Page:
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GuideStar Blog

From the President's Office, September 2009

Dear Friend:

We're just starting to see the new and expanded IRS Forms 990 for 2008 trickling in to GuideStar. As of the end of August, we have about 30,000 now available on our free Web site.

We expect new 990s will come in at a slower pace than usual this year. We are hearing frequent reports from auditing firms and nonprofit organizations that this first-year effort at completing the new Form 990 has been difficult, very expensive, and time-consuming for most. It also appears likely that more nonprofits than usual will be requesting extensions this year in order to have more time to work through the details.

As you know, GuideStar's position on the Form 990 has evolved over the years. We like the 990 because all organizations of a certain size are required to file it—under penalty of law–and it is a public document. That helps promote transparency and accountability and gives the general public a chance to learn about nonprofit practice. But we also find some 990 data inaccurate or hard to understand, not timely, and not always as comprehensive as we would like. That's not necessarily the fault of the IRS; there's only so much you can do with one document to cover the diversity of the entire nonprofit sector.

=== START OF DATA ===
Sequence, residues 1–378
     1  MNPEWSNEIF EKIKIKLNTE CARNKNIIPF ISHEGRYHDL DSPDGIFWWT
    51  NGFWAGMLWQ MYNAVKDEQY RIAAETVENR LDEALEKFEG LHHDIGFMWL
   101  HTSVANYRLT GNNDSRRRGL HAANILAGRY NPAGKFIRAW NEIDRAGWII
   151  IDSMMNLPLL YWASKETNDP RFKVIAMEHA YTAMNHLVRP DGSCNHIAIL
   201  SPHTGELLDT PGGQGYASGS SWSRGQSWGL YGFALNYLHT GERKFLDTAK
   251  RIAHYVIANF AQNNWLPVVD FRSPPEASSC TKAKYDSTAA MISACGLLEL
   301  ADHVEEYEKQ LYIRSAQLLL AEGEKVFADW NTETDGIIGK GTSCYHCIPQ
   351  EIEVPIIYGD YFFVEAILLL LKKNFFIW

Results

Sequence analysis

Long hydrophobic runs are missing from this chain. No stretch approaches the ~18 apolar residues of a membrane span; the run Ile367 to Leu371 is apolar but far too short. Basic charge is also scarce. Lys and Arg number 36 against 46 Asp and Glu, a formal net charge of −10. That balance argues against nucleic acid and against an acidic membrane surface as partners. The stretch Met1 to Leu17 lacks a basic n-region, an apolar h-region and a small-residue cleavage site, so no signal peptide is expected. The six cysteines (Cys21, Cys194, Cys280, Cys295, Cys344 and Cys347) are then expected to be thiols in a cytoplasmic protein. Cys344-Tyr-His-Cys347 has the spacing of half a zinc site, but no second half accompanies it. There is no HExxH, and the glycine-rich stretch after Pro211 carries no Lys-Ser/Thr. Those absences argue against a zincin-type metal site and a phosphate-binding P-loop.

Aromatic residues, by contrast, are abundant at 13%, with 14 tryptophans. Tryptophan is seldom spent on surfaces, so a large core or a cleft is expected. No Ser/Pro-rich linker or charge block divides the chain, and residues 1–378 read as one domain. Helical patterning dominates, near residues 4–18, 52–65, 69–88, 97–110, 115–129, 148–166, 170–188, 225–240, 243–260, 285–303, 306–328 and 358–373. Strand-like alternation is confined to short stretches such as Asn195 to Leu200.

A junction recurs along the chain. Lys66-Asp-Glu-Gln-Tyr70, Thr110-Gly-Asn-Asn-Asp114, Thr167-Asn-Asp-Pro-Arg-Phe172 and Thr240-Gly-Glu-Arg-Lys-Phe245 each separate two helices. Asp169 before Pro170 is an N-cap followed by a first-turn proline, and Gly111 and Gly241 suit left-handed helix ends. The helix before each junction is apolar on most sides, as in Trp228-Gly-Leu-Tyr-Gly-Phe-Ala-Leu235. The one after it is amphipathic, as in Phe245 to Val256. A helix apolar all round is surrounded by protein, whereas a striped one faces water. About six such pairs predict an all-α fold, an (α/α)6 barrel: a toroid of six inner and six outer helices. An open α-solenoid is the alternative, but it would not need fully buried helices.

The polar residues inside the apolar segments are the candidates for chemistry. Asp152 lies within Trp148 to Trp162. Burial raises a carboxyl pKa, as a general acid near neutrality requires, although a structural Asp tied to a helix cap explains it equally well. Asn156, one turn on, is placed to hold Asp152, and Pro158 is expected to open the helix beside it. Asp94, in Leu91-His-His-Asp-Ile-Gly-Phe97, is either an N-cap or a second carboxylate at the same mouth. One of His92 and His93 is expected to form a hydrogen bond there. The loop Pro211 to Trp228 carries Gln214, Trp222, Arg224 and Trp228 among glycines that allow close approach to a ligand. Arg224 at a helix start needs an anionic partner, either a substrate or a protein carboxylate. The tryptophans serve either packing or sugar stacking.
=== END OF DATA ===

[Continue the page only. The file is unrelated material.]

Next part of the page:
More important, we think your organization is best understood by reviewing it from a variety of data points. It's important to encourage your stakeholders to go beyond the 990. That's why we have a full-court press underway to make the GuideStar Exchange the place for you to provide a variety of useful documents and pieces of information—your annual reports, videos, audited financial statements, and whatever you think will be helpful. That's also why we have added third-party reviews through GreatNonprofits to give donors, volunteers, and program recipients a chance to share their thoughts about your organization. And soon we'll have even more.

Despite its limitations, however, the 990 plays a useful role, and the new version has some important improvements as well as new requirements. Most likely to draw attention are the questions about compensation and the process for determining it. In fact, we think these questions are so challenging, we've created a new service for helping you answer them. We think the new questions on governance will be equally challenging in the first year for nonprofits to complete.

In the end, assume that your organization's 990 will get wide and public inspection, so it needs to be as good as you can make it. But don't allow your stakeholders to assume that your 990 is the only way to evaluate your organization, or even the best way. You have an exciting story to tell—don't be shy in telling it and sharing it with GuideStar.


Bob Ottenhoff
President and CEO

Topics: IRS Form 990